A divided Ohio Supreme Court has ruled that judges don’t have the authority to seal the criminal records of offenders pardoned by the governor.
Ohio Veterans Seek Out GI Bill
Listen to the Story
More Ohio veterans are coming home from Iraq and Afghanistan and many are seeking out higher education through the improved GI bill. A lot of that education money is going to expensive for-profit colleges, leaving many veterans with debt and no degree.
â€œVA has money for college, if you are a veteran enrolled in college under the post-9/11 GI billâ€¦..â€
Itâ€™s an attractive offer and the Department of Veterans Affairs is working to educate veterans on how they can use the GI bill to finance their college education. Since Congress improved the benefits, veterans have flooded into schools, many of them for-profit. Itâ€™s a more than 6 billion dollar industry.
The Department of Veterans Affairs in Chicago lists veterans or their dependents in Ohio attend 83 public institutions, 127 for profit institutions and 83 private not for profit schools. In all more than 20,000 are using education benefits. During the past 2 years, more than one-third of all GI bill funds went to for profit schools that train only 25% of veterans.
Ohio Department of Veterans Affairs spokesman, Mike McKinney says he has heard the reports of veterans getting buried in school loan debt when they run out of GI bill money.
â€œWe donâ€™t have any instances here that have been reported to us about veterans in Ohio that have complaints about for profit schools. And itâ€™s not to say that there arenâ€™t any itâ€™s just that weâ€™re not aware of any specific instances here,” says McKinney.
McKinney says the improved GI Bill provides more benefits so veterans can attend vocational schools as well as public and private universities. The U.S. Department of Veterans Affairs also estimates the cost to taxpayers to send a veteran to a for-profit school is more than double the cost of a public university…nearly $11,000 versus $5,000.
â€œI certainly canâ€™t sit here and say that a for-profit school is not the way someone should go. I mean a certain technical degree within a certain amount of time, if thatâ€™s what a veteran is looking for, it may be something to their advantage,” says McKinney.
23 year old Staff Sergeant Chris Tadajanac is a reservist with the Ohio Air National Guard who attends a for-profit school. He takes online courses at Devry University for a Bachelorâ€™s degree in network management. Tadajanac says the courses fit into his schedule since he works full time at the Ohio Air National Guard base in Mansfield.
â€œThe degree Iâ€™m working for is basically what my job is like with the military,” says Tadajanac.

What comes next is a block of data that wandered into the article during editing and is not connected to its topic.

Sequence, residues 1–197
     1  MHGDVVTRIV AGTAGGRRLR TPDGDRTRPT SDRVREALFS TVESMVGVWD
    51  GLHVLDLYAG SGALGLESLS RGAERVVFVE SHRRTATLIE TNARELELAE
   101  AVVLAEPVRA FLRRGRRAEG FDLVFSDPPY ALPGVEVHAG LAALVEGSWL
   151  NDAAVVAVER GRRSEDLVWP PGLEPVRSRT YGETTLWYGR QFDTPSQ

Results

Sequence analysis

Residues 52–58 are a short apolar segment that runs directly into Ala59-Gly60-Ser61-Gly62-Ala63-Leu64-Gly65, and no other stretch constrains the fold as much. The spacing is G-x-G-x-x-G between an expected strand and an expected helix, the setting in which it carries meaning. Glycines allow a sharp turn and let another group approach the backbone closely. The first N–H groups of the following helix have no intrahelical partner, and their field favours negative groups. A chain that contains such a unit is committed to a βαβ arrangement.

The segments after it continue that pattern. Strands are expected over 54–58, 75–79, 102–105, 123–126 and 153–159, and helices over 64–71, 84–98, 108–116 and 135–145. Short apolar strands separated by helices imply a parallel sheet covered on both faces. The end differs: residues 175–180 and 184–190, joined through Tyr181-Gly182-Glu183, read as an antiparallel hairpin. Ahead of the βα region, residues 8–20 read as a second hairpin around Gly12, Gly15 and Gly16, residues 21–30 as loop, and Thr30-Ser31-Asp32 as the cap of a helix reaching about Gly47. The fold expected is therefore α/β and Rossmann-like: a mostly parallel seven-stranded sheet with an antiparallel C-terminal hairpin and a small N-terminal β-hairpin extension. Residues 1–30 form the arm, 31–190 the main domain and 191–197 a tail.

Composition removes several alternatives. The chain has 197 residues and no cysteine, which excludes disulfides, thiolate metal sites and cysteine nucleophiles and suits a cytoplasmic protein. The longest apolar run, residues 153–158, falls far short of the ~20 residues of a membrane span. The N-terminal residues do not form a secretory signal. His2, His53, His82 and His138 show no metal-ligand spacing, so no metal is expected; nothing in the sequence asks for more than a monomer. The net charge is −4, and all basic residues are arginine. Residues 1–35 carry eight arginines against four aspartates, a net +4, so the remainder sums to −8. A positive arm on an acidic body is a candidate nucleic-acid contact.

Tadajanac admits that he has taken out a $5,000 loan for courses at Devry. And he doesnâ€™t know how much more out of pocket money heâ€™ll have to pay. Some of his GI bill benefits went to Ohio State where he took some courses in nursing. He left after getting a full time job and not having time to attend daytime classes.
â€œI donâ€™t really have any complaints about Devry. Theyâ€™ve been easy to work with me. Like I can understand it might be trouble for some people, but that happens I think across the board with just about any college,” says Tadajanac.
Devry University would not answer questions on how many post 9/11 veterans are attending the school. A university spokeswoman returned an email declining an interview, saying the staff is too busy. Other schools like the University of Phoenix, Kaplan College, and the Everest Institute did not return phone calls for an interview.
President of Vet Jobs, Ted Daywalt also a veteran, says not all for- profit schools are bad, but complaints by veterans on the GI bill are overwhelmingly about them.
â€œThey just sign up and the VA starts sending out the money, and there has been absolutely no oversight by the Veterans Administration,” says Daywwalt.
Daywalt adds many schools created their own accrediting association to give the appearance that their curriculum stacks up to other universities. He suggests calling non-profit schools and asking if they accept curriculum credit from a for- profit school before signing up for classes.
Columbus resident and former Navy Petty Officer, 2nd Class, Todd Burgei took on-line classes in 2004, with the University of Phoenix, for a Bachelors in Business Administration, before the new GI bill. He took out a federal loan for about $6,000.
â€œTheyâ€™re charging astronomical rates which I thought 10, 15 years ago that they were charging astronomical rates, I can imagine what it is now,” says Burgei.
Burgei did not finish his degree and has struggled to find a full-time steady job. In October he did find employment and hopes that it becomes permanent. He still is paying off his loan.